Many companies and office owners claim to know what workers want from their office space. But one London flexible workspace firm is undertaking some proper academic research to uncover the answer and give itself a competitive edge in the co-working world.
Fora has teamed up with professors in ethnology at the Massachusetts Institute of Technology to undertake a three-year research programme into the optimal design and composition of office spaces.
Using its portfolio of offices as a laboratory, Fora is using a combination of quantitative analysis tools such as sensors to monitor which parts of its buildings are used most frequently, and qualitative surveys to better determine what customers like and dislike.
The programme has only been running three months, but already has yielded some results and provided solutions to issues that office users face, particularly in co-working spaces.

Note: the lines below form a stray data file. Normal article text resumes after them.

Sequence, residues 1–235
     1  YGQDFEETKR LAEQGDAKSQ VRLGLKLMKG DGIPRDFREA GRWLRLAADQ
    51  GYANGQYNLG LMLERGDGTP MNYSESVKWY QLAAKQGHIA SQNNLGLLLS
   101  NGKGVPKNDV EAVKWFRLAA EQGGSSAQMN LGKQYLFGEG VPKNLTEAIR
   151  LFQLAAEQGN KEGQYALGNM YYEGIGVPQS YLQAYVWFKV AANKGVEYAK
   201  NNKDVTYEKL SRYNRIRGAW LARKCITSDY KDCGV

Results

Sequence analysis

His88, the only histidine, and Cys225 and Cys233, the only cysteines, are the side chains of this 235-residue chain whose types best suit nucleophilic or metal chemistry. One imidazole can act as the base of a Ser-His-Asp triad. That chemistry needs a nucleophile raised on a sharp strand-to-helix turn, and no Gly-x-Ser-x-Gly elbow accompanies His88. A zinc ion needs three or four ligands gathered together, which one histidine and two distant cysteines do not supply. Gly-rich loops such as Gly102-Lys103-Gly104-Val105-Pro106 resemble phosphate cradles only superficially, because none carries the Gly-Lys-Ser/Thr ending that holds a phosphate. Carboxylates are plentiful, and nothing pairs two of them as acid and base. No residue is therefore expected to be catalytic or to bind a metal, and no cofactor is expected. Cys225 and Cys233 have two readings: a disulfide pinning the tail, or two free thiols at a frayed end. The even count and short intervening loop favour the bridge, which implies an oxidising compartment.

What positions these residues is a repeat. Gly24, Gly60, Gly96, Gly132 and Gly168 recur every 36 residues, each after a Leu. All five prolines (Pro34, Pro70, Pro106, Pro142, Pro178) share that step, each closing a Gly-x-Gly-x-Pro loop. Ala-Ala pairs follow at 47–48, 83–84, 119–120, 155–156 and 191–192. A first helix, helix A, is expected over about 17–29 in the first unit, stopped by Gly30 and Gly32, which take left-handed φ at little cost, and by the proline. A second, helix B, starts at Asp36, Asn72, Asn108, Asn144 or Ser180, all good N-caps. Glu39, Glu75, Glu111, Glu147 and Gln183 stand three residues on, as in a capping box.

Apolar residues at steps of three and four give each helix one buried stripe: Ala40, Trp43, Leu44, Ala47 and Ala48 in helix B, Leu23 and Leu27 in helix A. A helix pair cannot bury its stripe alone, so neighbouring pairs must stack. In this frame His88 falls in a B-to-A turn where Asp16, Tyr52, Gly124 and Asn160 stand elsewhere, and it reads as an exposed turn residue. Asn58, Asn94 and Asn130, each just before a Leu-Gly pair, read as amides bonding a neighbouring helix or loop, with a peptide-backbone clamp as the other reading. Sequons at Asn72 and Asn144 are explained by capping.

Fora has introduced speakers that hang from the ceiling and emit white noise at specific frequencies, essentially acting as noise bafflers. These reduce the loud background noise that anyone who has ever worked in a co-working space knows is a significant problem.
The programme also suggested that Fora move its head office staff to new buildings as they open, to provide an instant sense of community in buildings when occupancy is at its lowest.
“We could have gone to a professor and paid them to say something good about Fora, but we believe we want to change the way people work and create the best possible innovative and collective workspace,” Fora co-founder Enrico Sanna said. “We have an independent research department working with us, and they won’t cut corners.”
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